If the respondent's argument is understood, it is that the creation of the primary duty to pay compensation is to be thought of as dissolving or removing the responsibility for contribution which otherwise would be present, notwithstanding the failure of the injured man to seek or receive that compensation.

 Several District Court decisions, cited by libellant, are to the effect that the right to contribution among tort-feasors persists in spite of the provisions of the Longshoremen's Act: The Tampico, 45 F.Supp. 174; The S.S. Samovar, 72 F.Supp. 574, at page 588; Coal Operators Cas. Co. v. United States et al., 76 F.Supp. 681; Rederii v. Jarka Corporation, 82 F.Supp. 285; Portel v. United States et al., 85 F.Supp. 458.

 The decisions in The Chattahoochee, 173 U.S. 540, 19 S. Ct. 491, 43 L. Ed. 801, and Aktieselskabet Cuzco v. The Sucarseco et al., 294 U.S. 394, 55 S. Ct. 467, 79 L. Ed. 942, are cited in some of the above cases; while other statutes were before the Supreme Court in these two instances, a parity of the reasoning adopted assists in determining the apparent scope of Section 905 of this Act as applied to the claim which this libellant seeks to enforce.

 The right to contribution, as recognized in the admiralty, arises directly from the tort, and is not dependent upon any theory of subrogation to the claim of the injured man against his employer.

 Those decisions will be followed here with deference to the reservation announced by the Court of Appeals for this Circuit in disposing of the petition for rehearing in the Porello case, supra.

 This means that the libellant is not foreclosed of its right to seek contribution from the stevedore by reason of the provisions of Section 905 of the Longshoremen's etc. Compensation Act.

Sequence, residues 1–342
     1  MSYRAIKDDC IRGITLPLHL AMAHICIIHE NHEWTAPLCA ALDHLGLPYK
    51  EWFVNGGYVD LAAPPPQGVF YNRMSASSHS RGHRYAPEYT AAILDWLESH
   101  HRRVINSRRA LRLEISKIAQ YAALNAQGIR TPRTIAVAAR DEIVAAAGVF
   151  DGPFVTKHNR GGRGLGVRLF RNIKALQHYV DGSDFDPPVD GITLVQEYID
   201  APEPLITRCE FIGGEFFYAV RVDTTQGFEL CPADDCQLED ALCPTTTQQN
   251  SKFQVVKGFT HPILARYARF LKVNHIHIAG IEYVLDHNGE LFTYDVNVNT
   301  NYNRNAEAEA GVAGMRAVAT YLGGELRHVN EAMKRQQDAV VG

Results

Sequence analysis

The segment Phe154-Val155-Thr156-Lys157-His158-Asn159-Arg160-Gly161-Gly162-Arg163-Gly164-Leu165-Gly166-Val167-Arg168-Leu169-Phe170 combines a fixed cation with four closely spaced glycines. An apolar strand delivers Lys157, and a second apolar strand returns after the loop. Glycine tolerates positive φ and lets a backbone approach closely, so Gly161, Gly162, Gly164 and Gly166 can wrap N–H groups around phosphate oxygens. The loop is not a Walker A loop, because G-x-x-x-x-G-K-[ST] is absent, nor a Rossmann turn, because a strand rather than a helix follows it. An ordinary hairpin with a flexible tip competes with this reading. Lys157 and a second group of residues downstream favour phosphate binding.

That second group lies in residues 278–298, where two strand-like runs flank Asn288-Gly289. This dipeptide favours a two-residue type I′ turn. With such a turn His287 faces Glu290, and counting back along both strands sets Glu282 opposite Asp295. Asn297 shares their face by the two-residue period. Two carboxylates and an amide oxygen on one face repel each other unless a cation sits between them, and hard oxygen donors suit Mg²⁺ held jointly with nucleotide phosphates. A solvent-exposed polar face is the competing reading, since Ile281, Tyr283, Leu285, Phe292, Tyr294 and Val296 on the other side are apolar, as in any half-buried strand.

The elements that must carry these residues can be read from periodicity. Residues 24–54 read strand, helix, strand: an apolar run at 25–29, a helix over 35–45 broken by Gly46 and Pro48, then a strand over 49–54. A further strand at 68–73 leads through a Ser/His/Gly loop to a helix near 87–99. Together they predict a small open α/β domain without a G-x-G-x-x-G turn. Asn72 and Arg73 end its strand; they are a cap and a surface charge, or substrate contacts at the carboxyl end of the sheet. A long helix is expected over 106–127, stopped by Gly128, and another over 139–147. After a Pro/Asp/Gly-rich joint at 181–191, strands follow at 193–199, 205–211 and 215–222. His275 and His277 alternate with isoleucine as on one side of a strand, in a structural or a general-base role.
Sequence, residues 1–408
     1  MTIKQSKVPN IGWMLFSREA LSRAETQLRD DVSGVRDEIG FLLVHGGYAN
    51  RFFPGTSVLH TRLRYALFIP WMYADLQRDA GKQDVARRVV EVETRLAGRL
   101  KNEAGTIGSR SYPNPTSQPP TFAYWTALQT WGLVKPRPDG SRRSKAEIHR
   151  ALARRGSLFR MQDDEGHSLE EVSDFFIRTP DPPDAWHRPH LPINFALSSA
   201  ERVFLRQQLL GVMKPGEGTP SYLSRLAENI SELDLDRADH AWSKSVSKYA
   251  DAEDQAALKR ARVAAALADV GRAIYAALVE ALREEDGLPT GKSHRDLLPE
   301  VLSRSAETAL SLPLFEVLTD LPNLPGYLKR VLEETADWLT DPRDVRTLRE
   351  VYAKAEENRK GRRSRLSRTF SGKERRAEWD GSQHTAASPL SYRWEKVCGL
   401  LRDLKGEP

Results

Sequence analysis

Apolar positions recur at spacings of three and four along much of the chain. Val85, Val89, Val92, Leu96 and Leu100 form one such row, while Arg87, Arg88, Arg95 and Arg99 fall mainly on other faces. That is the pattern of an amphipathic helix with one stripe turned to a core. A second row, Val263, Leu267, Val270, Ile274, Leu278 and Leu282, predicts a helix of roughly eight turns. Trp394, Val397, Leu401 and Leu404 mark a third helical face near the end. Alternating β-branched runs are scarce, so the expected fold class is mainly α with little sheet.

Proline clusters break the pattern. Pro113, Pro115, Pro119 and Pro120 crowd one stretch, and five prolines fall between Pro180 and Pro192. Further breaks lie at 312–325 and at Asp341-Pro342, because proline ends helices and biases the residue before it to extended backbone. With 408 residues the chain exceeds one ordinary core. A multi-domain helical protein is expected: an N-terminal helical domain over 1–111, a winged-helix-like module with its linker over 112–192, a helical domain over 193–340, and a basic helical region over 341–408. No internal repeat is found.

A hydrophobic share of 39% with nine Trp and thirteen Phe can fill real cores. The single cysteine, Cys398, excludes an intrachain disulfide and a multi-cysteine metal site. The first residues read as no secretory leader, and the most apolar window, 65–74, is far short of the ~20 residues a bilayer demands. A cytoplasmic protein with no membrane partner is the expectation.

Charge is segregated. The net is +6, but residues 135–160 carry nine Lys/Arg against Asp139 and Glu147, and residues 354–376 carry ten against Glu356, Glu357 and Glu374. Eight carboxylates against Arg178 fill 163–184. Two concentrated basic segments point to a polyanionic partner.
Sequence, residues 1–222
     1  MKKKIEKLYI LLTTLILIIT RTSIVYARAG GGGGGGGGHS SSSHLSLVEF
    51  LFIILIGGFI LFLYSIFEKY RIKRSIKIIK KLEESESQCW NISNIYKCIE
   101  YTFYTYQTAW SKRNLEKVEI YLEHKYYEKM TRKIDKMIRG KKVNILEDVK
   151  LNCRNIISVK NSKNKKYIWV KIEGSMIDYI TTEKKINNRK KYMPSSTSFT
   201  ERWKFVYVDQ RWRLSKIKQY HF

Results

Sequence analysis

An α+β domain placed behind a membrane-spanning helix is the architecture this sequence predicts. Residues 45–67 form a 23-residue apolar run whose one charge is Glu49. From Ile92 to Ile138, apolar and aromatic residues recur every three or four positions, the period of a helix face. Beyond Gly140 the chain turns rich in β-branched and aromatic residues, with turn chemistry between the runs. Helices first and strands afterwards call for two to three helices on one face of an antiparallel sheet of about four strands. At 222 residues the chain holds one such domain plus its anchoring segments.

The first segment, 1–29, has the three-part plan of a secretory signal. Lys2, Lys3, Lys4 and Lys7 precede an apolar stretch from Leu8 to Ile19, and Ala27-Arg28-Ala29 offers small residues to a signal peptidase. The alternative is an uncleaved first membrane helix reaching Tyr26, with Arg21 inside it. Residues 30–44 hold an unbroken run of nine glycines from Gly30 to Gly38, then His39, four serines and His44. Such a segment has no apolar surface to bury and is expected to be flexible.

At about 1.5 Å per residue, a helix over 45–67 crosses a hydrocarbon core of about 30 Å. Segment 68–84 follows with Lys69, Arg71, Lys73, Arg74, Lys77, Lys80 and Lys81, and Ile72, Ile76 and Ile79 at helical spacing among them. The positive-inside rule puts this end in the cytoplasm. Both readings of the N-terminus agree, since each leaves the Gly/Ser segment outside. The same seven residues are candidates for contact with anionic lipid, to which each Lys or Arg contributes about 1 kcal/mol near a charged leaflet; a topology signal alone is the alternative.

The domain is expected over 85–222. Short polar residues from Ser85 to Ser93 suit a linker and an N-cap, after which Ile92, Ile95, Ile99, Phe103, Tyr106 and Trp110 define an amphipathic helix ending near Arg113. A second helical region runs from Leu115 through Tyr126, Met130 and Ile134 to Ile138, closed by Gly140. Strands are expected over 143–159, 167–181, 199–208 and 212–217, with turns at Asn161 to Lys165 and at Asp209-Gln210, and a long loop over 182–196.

Turning now to the question of how far the respondent is concluded by the litigation in the State court, it is necessary to pass upon the following questions:

 A. The efficacy, as a matter of form, of the vouching in notice.

 The argument for the stevedore is that the notice was of no effect since it called upon the latter to take over the defense of the action on behalf of the ship owner, and that 'you (these respondents) indemnify and save harmless the undersigned from any and all demands, judgments, costs and expenses in connection with the said pending action and the defense thereof.'

 It is urged that the stevedore is here sued as a joint tort-feasor, and not as an indemnitor, and that under the substantive common law of New York, the right to contribution did not exist, and so the notice must be deemed a nullity.

 If the common law controlled, this reasoning would be formidable; however, the law of New York is that as to maritime torts the courts of the State 'look to the decisions of the Federal courts to define the liabilities of ship owners' (Riley v. Agwilines, Inc., 296 N.Y. 402, 73 N.E.2d 718, 719) in deference to Robins Dry Dock and Repair Company v. Dahl, 266 U.S. 449, 45 S. Ct. 157, 69 L. Ed. 372.

 It results therefore that the vouching in notice would have been effectual as to the right to contribution between tort-feasors according to the principles of maritime law which the State court would have been required to enforce, unless it be regarded as defective in form for employing the word 'indemnify'.

 The right to indemnification arises from the violation of a primary duty, Standard Oil Co. v. Robins Dry Dock & Repair Co., 2 Cir., 32 F.2d 182, at page 184, and the right to contribution from a joint tort-feasor is also primary in that it arises from the tort, as has been stated above. A discussion of this subject will be found in George's Radio, Inc., v. Capital Transit Co., 75 U.S.App.D.C. 187, 126 F.2d 219, at second column on page 222.